none
Are GCHandles guaranteed to use only the lower 32 bits? RRS feed

  • Question

  • I'm porting an application that has both managed C# code and unmanaged C/C++ code to x64. The code makes liberal use of GCHandles but it passes the handles to the unmanaged code in 32-bit ints instead of using IntPtr/INT_PTR. There is a lot of code to fix, but I'm wondering if I really need to fix it.

    Handles (HWND, HBITMAP, etc.) are guaranteed to only use the lower 32 bits of the 64-bit value. You can safely truncate an HWND by casting it to an int and the handle will still be good. Does this guarantee apply to GCHandle?

    I set HKEY_LOCAL_MACHINE\System\CurrentControlSet\Control\Session Manager\Memory Management\AllocationPreference to 0x100000 to do testing and I saw that memory allocations started using the address space above 4GB (as expected) but the GCHandles I'm getting are still small values like 0x000000000023bcb0. That got me wondering whether GCHandles will never use the upper 32 bits but I need to confirm that before deciding to leave this code alone.

    Wednesday, February 13, 2013 8:51 PM

Answers

  • I do not believe that is the case with GCHandle.  If you want this to work correctly and reliably, you should convert the int values to IntPtr to properly access the memory locations.

    The only reason handles are limited to 32bits is that they are commonly marshaled between 32bit and 64bit processes, so they need consistency.  Pointers, in general, aren't this way, and can use all 64bits.


    Reed Copsey, Jr. - http://reedcopsey.com
    If a post answers your question, please click "Mark As Answer" on that post and "Mark as Helpful".

    Wednesday, February 13, 2013 9:54 PM
    Moderator
  • Check the Reference Source.  Nothing but IntPtrs in the GCHandle structure.
    Wednesday, February 13, 2013 10:16 PM

All replies

  • I do not believe that is the case with GCHandle.  If you want this to work correctly and reliably, you should convert the int values to IntPtr to properly access the memory locations.

    The only reason handles are limited to 32bits is that they are commonly marshaled between 32bit and 64bit processes, so they need consistency.  Pointers, in general, aren't this way, and can use all 64bits.


    Reed Copsey, Jr. - http://reedcopsey.com
    If a post answers your question, please click "Mark As Answer" on that post and "Mark as Helpful".

    Wednesday, February 13, 2013 9:54 PM
    Moderator
  • Check the Reference Source.  Nothing but IntPtrs in the GCHandle structure.
    Wednesday, February 13, 2013 10:16 PM
  • Check the Reference Source.  Nothing but IntPtrs in the GCHandle structure.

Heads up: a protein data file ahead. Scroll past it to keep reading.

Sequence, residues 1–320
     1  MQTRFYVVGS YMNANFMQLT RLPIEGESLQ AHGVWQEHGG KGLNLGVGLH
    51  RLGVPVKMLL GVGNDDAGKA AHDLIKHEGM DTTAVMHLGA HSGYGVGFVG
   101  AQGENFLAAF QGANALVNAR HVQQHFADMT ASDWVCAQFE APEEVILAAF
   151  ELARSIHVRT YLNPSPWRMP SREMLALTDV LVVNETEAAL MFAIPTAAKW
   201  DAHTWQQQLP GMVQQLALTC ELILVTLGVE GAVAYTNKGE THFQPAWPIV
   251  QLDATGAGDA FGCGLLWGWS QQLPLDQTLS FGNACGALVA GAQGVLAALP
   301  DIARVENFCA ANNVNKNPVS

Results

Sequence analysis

I understand that, but HWND and other handle types are defined as HANDLE. HANDLE is defined as:

    typedef PVOID HANDLE;

    There is nothing there that says that a HANDLE type can be safely truncated to a 32-bit int, yet it can be. What I'm trying to confirm is whether the same is true of GCHandles. There is a ton of coding and testing involved if I need to fix all of this code so if I could get confirmation that GCHandles never use the high 32-bits of the IntPtr I could avoid that work.

    Thursday, February 14, 2013 3:31 PM
  • The only reason handles are limited to 32bits is that they are commonly marshaled between 32bit and 64bit processes, so they need consistency.  Pointers, in general, aren't this way, and can use all 64bits.

    But GCHandles aren't pointers, are they? My understanding is that they are opaque handles. You can only get the pointer to the object if you allocate a pinned GCHandle. This code isn't doing that. It just allocates opaque handles. Maybe those opaque handles follow the same rules as other opaque handles like HANDLE and HWND.
    Thursday, February 14, 2013 3:35 PM
  • The only reason handles are limited to 32bits is that they are commonly marshaled between 32bit and 64bit processes, so they need consistency.  Pointers, in general, aren't this way, and can use all 64bits.

    But GCHandles aren't pointers, are they? My understanding is that they are opaque handles. You can only get the pointer to the object if you allocate a pinned GCHandle. This code isn't doing that. It just allocates opaque handles. Maybe those opaque handles follow the same rules as other opaque handles like HANDLE and HWND.

    GCHandles are effectively "handles" to managed objects.  The managed allocator does not expect managed objects to pass across process boundaries by address, so it does not restrict itself to 32bits like a HANDLE in Win32.

    Assuming 32bits for GCHandle  is NOT safe on 64bit operating systems.


    Reed Copsey, Jr. - http://reedcopsey.com
    If a post answers your question, please click "Mark As Answer" on that post and "Mark as Helpful".

    Thursday, February 14, 2013 3:59 PM
    Moderator
  • "But GCHandles aren't pointers, are they? My understanding is that they are opaque handles. You can only get the pointer to the object if you allocate a pinned GCHandle. This code isn't doing that. It just allocates opaque handles. Maybe those opaque handles follow the same rules as other opaque handles like HANDLE and HWND."

    The IntPtr data type is 32 bit on 32 bit operating systems and 64 bit on 64 bit operating systems. 

    Thursday, February 14, 2013 4:34 PM